Tiny houses are most often defined as residential buildings less than 500 square feet — though sometimes anything less than 1,000 square feet is considered a tiny house. They tend to cost a fraction of a regular home, which can come with thousands of square footage. But that doesn’t mean it’s cheap. How much you can expect to pay depends on whether you plan on buying a tiny house or building one.
It also depends on your area’s regulations. Some local governments require homes with a foundation to be a certain square footage. Others have restrictions to camping on private land — which applies to your home if it’s classified as an RV. Make sure you know your local laws before deciding where or what to build.
This can be the easiest way to do things, but there are still several costs to consider, especially if it’s an RV. If your home is built on solid foundations, your main costs are the home itself and the land.
If you’re buying an RV, you can either buy land, park it on private property belonging to friends or family, rent a long-term RV spot or move it around public land. But you’ll also pay for a trailer license, yearly RV registration fees — not to mention having a car strong enough to drive it around.
|Tiny house or RV, including extras and shipping fees||$10,000–$150,000 (Average is around $60,000)|
|Buying land||Over $200,000 (plus property taxes), depending on location|
|Renting an RV spot||$500 per month plus water and electricity hookup fees (around $450 per month)|
|RV registration fee||$20–$200 a year, depending on state regulations|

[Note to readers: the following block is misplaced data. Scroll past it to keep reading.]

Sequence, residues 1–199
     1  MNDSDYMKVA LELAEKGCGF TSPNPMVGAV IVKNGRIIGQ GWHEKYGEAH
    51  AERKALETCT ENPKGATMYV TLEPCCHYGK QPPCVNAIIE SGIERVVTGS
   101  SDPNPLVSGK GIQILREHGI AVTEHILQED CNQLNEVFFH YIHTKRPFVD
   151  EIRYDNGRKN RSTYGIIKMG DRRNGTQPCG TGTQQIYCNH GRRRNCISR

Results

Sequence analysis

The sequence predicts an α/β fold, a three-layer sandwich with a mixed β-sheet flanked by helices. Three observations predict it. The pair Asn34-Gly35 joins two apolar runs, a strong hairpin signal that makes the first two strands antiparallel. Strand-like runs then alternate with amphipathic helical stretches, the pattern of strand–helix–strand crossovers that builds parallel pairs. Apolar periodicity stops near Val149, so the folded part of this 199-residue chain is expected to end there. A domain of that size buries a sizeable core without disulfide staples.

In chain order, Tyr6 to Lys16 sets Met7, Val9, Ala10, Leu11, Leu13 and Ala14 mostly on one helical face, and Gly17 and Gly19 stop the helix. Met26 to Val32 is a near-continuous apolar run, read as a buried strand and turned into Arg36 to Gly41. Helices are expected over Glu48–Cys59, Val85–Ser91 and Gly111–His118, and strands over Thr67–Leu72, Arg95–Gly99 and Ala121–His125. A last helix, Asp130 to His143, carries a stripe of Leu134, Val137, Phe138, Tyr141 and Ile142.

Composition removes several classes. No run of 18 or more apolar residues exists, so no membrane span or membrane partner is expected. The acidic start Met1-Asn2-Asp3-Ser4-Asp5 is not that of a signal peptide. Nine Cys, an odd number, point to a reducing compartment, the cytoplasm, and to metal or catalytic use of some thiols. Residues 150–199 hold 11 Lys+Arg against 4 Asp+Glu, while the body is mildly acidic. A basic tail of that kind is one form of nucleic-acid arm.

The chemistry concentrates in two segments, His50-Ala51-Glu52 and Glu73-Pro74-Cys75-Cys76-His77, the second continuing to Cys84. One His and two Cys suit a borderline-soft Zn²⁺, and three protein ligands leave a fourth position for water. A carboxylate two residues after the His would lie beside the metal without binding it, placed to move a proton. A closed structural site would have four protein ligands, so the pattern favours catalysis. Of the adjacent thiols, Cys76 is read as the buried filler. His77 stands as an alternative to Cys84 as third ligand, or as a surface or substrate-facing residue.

Building a tiny house, is usually cheaper than buying one, with costs typically adding up to between $10,000 to $40,000. But they can take a long time to build — sometimes even years. On top of the expenses like buying land and getting a trailer license listed above, here are some of the main expenses you can expect to come across when building your new home:
|Doors and windows||$1,000–$3,000|
|Hiring an electrician||$1,500–$3,000|
|Other bathroom fixtures and plumbing||$600–$2,000|
|Cabinets (storage and kitchen)||$1,500–$5,000|
|Screws, nails etc.||$500|
|Your time||400–600 work hours|
Don’t have the time — or skills — to do all that work? Some manufacturers can meet halfway with a tiny house shell. All the basics are pre-installed like water lines, electricity and sewage systems, but you can still customize it to your liking. These typically cost between $10,000 and $35,000.
Or you can buy a prefab tiny house kit, which you can put together yourself for less than $10,000 or hire someone to do the work for you.
Tiny houses may be trendy now, but they might not be worth it if…
Tiny house living is a lifestyle that’s not for everyone. While it’s cheaper than buying a house, you probably won’t be able to sell it for a profit like other types of real estate. Make sure everyone’s onboard before you buy one and also be aware that life changes — like an unexpected pregnancy — have made many families reevaluate their decision.
If you’re sure it’s the right thing for you, you might want to start by comparing personal loans to get an idea of how much it’s going to cost you on a monthly basis and in the long run.